- oD 50.50
The Armenian genocide
No to TTIP
The last week has witnessed the latest effort of the George W Bush administration to review and rebrand its "war on terror". Two new publications offer the clearest indication yet of the administration's short and long-term responses to its current predicament.
On 3 February, the Pentagon published its Quadrennial Defence Review (QDR), the third of a series of reviews mandated by Congress during the Bill Clinton era.
On 6 February, the federal budget for fiscal year 2007 (commencing 1 October 2006) included a further increase in the defence budget to meet the challenge of "the fifth year of this long war".
Paul Rogers's new book (published January 2006) is A War Too Far – Iran, Iraq and the New American Century (Pluto Press)
If you find Paul Rogers's weekly column on global security enjoyable or provoking, please consider commenting in our forum – and supporting openDemocracy by sending us a donation so that we can continue our work for democratic dialogue
The new budget indicates that the Bush administration seeks another substantial annual increase in the Pentagon's spending of almost 7%, which would take it to $439.3 billion. This is about 45% more than the budget that Bush inherited from Clinton in 2001, and closely matches peak figures of the cold-war era in the mid-1980s. The request, moreover, forms part of a wider budget review that concentrates heavily on the war on terror. The other beneficiaries include homeland security and the state department, while the department of veterans' affairs also receives a significant boost – reflecting the large numbers of injured troops returning from Iraq. As these budgets increase, almost every other area of federal spending is reduced – clear evidence of the overarching priority of fighting the war.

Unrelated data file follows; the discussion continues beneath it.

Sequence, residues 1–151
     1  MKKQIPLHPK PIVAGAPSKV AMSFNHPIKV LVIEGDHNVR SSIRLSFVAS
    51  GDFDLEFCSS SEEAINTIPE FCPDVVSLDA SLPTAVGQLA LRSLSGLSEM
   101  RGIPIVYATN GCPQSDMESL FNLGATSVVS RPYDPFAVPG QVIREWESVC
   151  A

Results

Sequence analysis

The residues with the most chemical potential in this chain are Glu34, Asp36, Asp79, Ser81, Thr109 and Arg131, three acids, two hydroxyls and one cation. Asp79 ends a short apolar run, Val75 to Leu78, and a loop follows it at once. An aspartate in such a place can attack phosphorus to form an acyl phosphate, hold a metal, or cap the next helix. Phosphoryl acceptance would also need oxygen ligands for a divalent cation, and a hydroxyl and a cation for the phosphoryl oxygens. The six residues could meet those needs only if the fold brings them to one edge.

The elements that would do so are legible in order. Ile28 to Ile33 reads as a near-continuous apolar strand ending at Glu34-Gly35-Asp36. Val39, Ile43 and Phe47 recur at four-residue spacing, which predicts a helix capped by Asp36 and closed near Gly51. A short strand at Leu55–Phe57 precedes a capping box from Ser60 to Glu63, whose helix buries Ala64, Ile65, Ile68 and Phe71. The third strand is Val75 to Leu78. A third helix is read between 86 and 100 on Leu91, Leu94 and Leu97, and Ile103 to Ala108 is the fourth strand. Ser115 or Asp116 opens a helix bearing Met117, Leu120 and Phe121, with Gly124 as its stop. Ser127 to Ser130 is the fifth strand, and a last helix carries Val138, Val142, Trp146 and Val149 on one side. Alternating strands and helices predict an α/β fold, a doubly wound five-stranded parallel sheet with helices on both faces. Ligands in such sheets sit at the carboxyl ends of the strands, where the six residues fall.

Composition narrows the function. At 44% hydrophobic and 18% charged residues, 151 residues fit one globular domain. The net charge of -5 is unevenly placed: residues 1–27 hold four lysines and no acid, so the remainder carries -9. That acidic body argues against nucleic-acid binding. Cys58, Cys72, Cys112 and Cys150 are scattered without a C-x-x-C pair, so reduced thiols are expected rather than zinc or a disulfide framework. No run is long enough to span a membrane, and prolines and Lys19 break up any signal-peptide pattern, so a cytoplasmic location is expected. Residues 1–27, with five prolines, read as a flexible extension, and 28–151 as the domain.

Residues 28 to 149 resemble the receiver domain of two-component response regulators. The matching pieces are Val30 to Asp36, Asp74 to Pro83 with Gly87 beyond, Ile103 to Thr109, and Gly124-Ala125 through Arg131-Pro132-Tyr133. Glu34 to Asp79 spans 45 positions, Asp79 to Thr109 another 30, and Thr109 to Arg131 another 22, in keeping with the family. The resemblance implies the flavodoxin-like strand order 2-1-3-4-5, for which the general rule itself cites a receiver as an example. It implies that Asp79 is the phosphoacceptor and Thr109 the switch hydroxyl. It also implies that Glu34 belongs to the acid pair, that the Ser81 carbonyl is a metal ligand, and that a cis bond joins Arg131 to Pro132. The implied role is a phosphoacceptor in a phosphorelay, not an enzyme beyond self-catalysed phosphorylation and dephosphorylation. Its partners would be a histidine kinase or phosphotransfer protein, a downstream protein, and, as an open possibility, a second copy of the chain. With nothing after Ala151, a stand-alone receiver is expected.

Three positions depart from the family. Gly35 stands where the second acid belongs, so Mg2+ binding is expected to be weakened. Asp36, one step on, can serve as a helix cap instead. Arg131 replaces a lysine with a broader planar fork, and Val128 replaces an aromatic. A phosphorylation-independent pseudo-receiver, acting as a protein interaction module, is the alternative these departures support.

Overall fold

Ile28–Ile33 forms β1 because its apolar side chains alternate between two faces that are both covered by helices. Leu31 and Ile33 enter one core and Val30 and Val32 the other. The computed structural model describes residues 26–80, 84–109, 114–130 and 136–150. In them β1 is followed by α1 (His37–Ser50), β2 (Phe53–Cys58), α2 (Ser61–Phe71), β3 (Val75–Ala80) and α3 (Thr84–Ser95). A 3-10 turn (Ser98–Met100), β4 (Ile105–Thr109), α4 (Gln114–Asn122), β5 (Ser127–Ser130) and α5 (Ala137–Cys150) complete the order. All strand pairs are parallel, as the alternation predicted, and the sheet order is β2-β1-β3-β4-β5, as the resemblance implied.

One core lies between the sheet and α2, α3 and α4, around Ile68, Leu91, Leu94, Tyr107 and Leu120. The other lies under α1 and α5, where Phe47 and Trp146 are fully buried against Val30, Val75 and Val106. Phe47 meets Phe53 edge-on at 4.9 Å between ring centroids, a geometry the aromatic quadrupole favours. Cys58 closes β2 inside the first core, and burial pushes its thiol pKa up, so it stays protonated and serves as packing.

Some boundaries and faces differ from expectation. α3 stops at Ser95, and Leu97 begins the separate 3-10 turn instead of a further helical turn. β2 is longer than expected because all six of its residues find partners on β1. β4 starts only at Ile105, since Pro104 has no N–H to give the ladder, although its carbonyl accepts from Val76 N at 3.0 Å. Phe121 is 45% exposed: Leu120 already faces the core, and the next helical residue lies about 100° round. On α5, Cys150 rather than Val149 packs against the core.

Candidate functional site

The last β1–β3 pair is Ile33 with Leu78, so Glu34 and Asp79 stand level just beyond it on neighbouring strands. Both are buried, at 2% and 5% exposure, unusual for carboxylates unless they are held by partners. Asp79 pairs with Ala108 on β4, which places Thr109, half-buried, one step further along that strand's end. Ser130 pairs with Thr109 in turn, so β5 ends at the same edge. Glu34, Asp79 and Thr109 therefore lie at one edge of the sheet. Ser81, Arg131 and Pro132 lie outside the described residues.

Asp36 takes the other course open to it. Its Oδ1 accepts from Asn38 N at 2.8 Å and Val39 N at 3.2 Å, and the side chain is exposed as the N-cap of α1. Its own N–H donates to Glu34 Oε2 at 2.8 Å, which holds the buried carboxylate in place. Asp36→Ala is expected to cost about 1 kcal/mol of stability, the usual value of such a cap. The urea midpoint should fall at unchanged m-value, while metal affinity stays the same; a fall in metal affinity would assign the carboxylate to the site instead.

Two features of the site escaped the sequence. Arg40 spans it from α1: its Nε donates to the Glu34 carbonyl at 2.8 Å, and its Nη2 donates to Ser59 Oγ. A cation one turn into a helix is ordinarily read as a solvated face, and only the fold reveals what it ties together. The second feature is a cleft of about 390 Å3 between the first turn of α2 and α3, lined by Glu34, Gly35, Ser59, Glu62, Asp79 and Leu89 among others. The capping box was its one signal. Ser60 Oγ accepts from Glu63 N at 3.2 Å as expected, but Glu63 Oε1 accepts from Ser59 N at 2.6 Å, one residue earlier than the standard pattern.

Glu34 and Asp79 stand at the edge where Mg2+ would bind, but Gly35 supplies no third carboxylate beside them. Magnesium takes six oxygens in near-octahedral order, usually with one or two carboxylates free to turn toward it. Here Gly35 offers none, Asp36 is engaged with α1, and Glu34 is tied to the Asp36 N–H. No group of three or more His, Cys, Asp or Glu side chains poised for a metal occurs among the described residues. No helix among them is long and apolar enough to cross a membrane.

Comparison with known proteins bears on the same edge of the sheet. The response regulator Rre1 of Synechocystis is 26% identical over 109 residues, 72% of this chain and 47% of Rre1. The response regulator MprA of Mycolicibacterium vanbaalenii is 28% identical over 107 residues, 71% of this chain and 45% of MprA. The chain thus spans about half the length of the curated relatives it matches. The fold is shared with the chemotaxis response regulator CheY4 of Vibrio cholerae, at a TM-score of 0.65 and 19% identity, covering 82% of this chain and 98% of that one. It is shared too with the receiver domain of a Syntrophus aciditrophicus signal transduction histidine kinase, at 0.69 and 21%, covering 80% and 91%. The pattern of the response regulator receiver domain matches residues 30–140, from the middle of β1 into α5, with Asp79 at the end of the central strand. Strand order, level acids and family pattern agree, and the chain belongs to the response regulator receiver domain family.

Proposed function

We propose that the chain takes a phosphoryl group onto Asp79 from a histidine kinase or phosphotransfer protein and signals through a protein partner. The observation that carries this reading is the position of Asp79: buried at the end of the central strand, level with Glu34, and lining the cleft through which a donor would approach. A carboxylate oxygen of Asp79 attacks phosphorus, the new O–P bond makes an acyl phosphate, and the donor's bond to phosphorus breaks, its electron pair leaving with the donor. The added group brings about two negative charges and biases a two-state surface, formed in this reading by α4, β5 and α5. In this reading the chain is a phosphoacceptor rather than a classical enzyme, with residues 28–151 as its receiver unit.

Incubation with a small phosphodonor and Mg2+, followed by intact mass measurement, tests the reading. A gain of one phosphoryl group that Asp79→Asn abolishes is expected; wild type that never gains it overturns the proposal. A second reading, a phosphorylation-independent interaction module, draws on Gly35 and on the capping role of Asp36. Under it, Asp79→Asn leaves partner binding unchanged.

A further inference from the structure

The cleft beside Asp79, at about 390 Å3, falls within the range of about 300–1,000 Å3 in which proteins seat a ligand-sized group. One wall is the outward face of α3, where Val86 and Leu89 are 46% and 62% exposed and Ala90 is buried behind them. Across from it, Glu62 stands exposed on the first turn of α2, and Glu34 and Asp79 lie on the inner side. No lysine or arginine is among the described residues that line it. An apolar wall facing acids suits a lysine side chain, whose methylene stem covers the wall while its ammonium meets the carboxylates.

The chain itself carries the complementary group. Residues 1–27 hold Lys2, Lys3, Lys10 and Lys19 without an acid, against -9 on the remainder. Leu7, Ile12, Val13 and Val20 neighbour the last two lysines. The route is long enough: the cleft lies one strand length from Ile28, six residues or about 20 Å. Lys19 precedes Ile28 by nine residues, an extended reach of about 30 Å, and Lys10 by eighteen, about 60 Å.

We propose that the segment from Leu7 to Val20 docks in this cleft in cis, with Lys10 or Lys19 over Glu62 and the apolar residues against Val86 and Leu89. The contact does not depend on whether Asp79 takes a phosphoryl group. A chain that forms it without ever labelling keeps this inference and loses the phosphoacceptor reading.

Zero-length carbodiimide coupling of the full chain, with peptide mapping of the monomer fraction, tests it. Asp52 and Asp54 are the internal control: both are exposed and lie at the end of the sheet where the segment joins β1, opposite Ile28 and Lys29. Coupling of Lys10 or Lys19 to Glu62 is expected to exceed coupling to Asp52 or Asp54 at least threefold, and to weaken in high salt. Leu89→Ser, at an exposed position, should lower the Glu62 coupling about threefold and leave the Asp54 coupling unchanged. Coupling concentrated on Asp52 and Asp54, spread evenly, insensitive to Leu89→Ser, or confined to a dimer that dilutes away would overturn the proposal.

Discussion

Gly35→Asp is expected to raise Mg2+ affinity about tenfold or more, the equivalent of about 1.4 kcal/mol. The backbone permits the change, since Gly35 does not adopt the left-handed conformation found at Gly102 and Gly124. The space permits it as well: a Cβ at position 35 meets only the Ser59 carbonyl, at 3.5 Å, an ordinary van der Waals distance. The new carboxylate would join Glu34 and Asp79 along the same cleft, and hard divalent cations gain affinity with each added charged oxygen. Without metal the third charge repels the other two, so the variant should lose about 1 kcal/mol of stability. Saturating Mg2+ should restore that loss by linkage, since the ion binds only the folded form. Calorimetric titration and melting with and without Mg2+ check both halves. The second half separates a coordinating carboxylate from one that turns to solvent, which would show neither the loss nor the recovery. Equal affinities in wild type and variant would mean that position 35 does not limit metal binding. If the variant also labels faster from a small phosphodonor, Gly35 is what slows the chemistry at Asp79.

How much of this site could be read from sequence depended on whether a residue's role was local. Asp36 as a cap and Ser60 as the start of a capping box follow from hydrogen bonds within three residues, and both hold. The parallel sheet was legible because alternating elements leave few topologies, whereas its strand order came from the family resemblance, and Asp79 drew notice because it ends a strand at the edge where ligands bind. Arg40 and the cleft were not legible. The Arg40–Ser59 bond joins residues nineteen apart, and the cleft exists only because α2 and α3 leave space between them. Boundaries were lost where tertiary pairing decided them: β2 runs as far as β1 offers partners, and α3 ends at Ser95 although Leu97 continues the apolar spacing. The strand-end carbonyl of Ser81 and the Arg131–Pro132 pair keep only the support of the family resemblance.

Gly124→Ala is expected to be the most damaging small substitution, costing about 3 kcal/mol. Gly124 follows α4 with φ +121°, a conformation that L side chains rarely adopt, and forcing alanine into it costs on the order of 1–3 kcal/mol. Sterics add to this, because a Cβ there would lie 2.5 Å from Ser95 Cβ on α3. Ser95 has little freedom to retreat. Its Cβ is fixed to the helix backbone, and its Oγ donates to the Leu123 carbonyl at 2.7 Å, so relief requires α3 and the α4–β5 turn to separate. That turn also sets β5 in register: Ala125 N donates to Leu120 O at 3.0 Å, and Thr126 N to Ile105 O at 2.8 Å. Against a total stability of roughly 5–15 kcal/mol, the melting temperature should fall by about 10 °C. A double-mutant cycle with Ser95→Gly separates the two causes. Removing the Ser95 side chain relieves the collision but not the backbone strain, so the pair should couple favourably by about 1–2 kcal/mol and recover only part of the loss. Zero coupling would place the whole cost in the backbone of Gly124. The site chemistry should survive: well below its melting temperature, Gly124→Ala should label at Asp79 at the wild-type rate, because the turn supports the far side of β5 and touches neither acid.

The budget contains some notable changes of emphasis. The army reaps a particular reward in order to meet the high costs of the war in Iraq, and to reflect the primary concern to protect the lives of American soldiers. Thus, the budget includes over $500 million dollars to buy 3,100 even more heavily-armoured humvees, designed to survive the roadside bombs that have caused so many casualties in Iraq and now look like having a similar effect in Afghanistan.